The inlet and discharge portions of each of the high and low pressure passage define, at the respective shut-off valve chamber, an acute angle. Each of the high and low pressure straight inlet portions is co-axial with the respective shut-off valve chamber. Mounted in each said valve chamber is a shut-off valve. The valve member at the end respective valve stem portion of each shut-off valve is compatible with said one end of the respective inlet portion for selectively blocking or opening the communication between the valve chamber and the inlet portion.
A preferred exemplary embodiment of the present invention will now be described in detail with reference to FIGS. 2-5, where the corresponding parts are designated with the same reference numerals.
The five valve manifolds of the present invention comprises an integral body 25. The body has a first face section 26 and a second face section 27. As best seen from FIG. 4, the first and second face sections 26 and 27 are generally parallel with each other. The first face section 26 is provided with a threaded high pressure inlet 28 which is adapted to receive a connecting assembly such as assembly 29 shown in FIG. 2. As an alternative, arrangement can be made for mounting bores which would be compatible with a so called football flange 30 having a threaded hole for receiving the threaded end 31 of a low pressure pipe 32. For convenience figures other than FIG. 2 show an arrangement which is only suitable for connection with the assembly 29. The periphery of the body 25 is comprised of wall portions (FIG. 3) 33-40. The wall portions 33-40 are summarily referred to as "a peripheral wall section". FIG. 3 shows that the peripheral wall section defines a slightly elongated octagon, it being understood that the actual configuration of the contour of the peripheral wall section is optional. The distance between the first and second faces 26, 27 is smaller than the width (distance between wall portions 36 and 40) or the length (the distance between the wall portions 34, 38) of the body 25.
Within the body 25 is disposed a passage system which includes the already mentioned high pressure inlet 28 for the process flow, a high pressure outlet 41 having the shape of a shallow cylindric recess in the second face section 27, a low pressure inlet 42 for the process flow and a low process outlet 43 having a structure similar to that of the high pressure outlet 41. The spacing of the high and low pressure outlets 41, 43 corresponds to the respective spacing of the instrument housing 44 (shown only in FIG. 2). In the embodiment shown, the spacing between the cylindric chambers 41 and 43 is smaller than that between the inlet ports 28, 42. The spacing is adjusted to the standard tolerance in the industry.
The second face section 27 is sealingly compatible with respect to the inlet portion of the housing 44. The sealing compatibility is due to seal rings (not shown) and by the provision of mounting holes or passages 45 the spacing of which matches that of the corresponding passages in the housing 44, to receive mounting bolts 46. The passages 45, of course, do not interfere with any part of the passage system of the manifold. The sealing engagement must be fully hermetical to provide the required accuracy of measurement by the respective instrument.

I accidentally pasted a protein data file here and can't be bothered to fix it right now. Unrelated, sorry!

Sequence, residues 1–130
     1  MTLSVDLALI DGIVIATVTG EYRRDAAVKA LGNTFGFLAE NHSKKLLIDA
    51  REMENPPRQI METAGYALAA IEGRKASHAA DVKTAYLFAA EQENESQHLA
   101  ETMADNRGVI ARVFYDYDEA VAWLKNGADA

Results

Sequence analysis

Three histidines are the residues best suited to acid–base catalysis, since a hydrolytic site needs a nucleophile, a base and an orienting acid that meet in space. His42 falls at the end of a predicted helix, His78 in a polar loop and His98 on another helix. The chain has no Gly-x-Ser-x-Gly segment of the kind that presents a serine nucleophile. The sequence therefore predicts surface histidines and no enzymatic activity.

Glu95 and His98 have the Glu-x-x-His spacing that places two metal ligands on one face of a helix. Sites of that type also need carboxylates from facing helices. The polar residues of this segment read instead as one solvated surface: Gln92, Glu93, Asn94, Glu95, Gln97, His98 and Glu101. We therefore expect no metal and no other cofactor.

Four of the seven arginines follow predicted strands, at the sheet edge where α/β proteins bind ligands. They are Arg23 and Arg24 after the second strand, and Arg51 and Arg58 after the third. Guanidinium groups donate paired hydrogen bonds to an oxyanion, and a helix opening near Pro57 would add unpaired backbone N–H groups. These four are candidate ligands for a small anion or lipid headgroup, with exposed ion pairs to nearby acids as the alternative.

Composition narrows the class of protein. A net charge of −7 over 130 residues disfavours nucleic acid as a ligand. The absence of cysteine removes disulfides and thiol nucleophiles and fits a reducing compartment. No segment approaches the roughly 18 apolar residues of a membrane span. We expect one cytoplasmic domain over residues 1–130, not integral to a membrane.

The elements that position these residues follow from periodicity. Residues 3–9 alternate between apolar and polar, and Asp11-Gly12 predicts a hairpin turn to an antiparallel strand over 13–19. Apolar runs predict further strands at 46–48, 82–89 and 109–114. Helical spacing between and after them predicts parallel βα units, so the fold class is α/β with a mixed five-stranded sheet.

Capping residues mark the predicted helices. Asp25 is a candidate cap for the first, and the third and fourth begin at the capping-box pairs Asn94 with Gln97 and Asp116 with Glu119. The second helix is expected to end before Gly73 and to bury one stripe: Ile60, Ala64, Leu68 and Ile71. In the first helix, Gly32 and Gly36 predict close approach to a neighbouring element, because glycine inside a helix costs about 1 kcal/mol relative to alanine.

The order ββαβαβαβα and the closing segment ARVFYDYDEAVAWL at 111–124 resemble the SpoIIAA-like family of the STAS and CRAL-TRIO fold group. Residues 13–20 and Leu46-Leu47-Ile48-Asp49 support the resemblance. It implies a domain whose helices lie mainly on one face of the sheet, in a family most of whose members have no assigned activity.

The manifold of the present invention is provided with a total of five valves. Each valve is of a known structure which includes a valve stem portion disposed inside the body 25 and carrying a valve member. Referring, for instance, to FIG. 4, the left-hand valve designated with reference number 47. It is a low pressure block valve. Number 48 designates a high pressure block valve. The valves are of identical structure each carrying, at the free end of the inside valve stem, a conical valve member 49, 50. Each valve has an actuating stem portion projecting outwardly from the wall portions 34 and 38 in opposite directions. The free end of each actuating stem portion is provided with a handle 51, 52, as is well known in the art.
In addition to the block valves 47, 48, the manifold body is provided with two equalizer valves 53, 54. One more valve 55 is a vent valve as will be described later. All valves have a structural configuration generally identical to that of valves of 47, 48.
It can be seen on review of FIG. 3 that the actuating stem portions of the valves 47, 48, 53-55 are spaced from each other about the periphery of the body. They are all located (FIG. 4) within a space limited by a first reference plane P1 and a second reference plane P2, the two planes being generally coincident with the first and second face sections 26, 27.
It is noteworthy that the axes AB1, AB2, AE1, AE2, AV2, which present the axes of actuating stem portions of the respective valves, are all generally parallel with the reference planes P1 and P2.
It can also be observed from FIG. 4 that the preferred location of all axes A is a position generally equidistant from both of the planes P1 and P2.
The spacing between the high pressure outlet 41 and the low pressure outlet 43 is different from the high pressure inlet 28 and the low pressure inlet 42, to accommodate the usual centers of the connecting piping at the first face section 26 and of the housing 44 "smart" transmitter at the second face section 27.
Referring now back to the high pressure outlet 41 as shown in FIG. 4, the outlet 41 has the shape of a cylindric chamber. The chamber defines a recess in the second face section 27. The depth of the recess is only a fraction of the distance between the face sections 26 and 27. The cross-sectional area of chamber 41 is a multiple of that of the passages within the body as will be described hereafter.